Thursday, July 07, 2005

London and its implications on our country's security

Listening to (admittedly liberal) media coverage of the London transportation bombings has reminded me of how vulnerable public places in urban areas are to terrorism. It has been almost four years since September 11, and it seems like Americans have received little instruction on how to prevent attacks besides the vague warning to "be vigilant" and meaningless, color-coded terrorist alerts.

For instance, todayAmerica's public transportation systems status was rasied from a yellow to an orange alert. Presumably the only reason for this is because attacks just occurred against London's transportation system. Yet, the administration would do well to provide
(1) Any suggestion of what we can do to keep safe on our public transportation systems. (what looks suspicious, who should we contact)
(2) Which transport systems are the most vulnerable. (I'd assume New York's subway or the D.C. Metro are the most vulnerable while the Portland light rail can probably rest easy, but it would help for some sort of distinction from the administration who are more privy to intelligence than the rest of us)
(3) What they are doing to protect our "homeland," i.e. country against domestic attacks. Some of the radio shows I'm listening to brought up Bush's promise to get Osama bin Laden "dead or alive" and Colin Powell's statement that "It's not enough to get one individual [i.e. bin Laden], although we'll start with that one individual."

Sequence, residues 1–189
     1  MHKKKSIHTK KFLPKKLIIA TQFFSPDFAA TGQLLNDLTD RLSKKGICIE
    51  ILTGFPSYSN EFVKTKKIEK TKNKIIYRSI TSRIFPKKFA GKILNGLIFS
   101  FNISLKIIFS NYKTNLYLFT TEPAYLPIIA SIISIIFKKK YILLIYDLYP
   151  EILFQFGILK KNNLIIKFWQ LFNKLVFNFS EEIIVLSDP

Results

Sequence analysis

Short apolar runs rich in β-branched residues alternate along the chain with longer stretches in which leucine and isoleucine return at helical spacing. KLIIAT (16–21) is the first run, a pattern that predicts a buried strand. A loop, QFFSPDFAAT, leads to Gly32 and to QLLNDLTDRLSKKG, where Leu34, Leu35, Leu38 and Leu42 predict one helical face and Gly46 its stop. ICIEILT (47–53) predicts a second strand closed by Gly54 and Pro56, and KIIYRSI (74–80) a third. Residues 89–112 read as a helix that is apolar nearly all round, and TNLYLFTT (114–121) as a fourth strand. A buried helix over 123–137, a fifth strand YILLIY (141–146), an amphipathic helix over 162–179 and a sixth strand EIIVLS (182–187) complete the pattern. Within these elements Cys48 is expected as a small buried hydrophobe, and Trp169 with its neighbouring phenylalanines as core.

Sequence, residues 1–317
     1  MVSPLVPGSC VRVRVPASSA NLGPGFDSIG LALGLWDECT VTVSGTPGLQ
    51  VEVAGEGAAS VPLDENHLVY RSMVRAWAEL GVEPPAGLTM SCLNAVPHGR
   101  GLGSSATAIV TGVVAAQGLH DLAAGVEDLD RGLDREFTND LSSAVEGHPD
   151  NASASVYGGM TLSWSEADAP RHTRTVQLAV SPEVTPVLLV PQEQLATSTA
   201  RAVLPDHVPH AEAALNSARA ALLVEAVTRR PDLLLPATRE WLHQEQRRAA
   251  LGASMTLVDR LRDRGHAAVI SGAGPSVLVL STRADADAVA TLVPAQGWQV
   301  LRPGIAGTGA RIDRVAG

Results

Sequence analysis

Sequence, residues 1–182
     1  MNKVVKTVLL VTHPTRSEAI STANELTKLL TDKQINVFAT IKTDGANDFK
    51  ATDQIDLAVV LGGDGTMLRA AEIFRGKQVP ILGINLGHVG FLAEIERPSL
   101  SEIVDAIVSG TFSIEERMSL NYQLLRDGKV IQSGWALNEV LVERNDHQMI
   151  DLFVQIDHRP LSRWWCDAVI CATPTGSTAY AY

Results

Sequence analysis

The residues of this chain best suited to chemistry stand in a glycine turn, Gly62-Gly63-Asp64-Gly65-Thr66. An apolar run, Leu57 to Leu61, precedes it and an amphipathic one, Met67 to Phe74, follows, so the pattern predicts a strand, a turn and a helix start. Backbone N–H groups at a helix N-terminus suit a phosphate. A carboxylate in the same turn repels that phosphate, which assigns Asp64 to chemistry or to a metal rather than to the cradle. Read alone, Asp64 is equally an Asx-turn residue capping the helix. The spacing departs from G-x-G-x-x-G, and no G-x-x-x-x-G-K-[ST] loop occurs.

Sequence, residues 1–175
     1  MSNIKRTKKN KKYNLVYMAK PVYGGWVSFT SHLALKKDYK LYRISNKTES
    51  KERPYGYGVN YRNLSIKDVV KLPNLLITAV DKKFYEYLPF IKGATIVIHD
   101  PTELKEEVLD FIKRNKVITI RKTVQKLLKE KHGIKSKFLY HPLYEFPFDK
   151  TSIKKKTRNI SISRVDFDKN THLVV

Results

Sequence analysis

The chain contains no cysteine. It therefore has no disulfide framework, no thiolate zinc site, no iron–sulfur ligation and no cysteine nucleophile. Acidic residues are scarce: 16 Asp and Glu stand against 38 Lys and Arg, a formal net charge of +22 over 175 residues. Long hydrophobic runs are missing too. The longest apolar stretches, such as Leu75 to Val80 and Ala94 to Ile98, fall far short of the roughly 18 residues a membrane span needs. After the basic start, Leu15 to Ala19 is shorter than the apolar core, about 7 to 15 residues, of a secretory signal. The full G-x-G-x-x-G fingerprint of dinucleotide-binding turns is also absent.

What the London attack spotlights if it is indeed confirmed that Al Qaeda perpetrated them as they have claimed is that the U.S. government's focus on a country that had nothing to do with encouraging Al Qaeda--Iraq--is taking away precious time and resources from the true source of random killing of innocent people.

Another point that was made is that today's terrorist attack in London is virtually a daily experience for citizens and soldiers in Iraq. That is the world Iraqis live in, and the U.S. invasion has perpetuated it, not to mention caused increased terrorism in Iraq, purportedly what the war sought to prevent.

Hopefully these attacks will cause Americans to demand more information from the government on what we are doing to protect from domestic terrorism.

1 comment:

Chris said...

To take issue with the first of your points:

I think, in our passive memory, we know exactly what to do (look suspicious packages, people behaving weirdly)and who to call (a lot of people have cell phones - call the police). I have this stuff in the back of my mind while on the DC Metro, but it's not everpresent. I don't think it's been "ingrained in our system" yet.

Also, I was watching BBC today and they interviewed an American woman who was on the street when the bus blew up. She said she immediately ran towards the bus to help out, but Londoners held her back for fear of a secondary blast. It was great that the woman's first impulse was to help out, but the mindset of the Londoners who stopped her demonstrated a better grasp of that type of situation.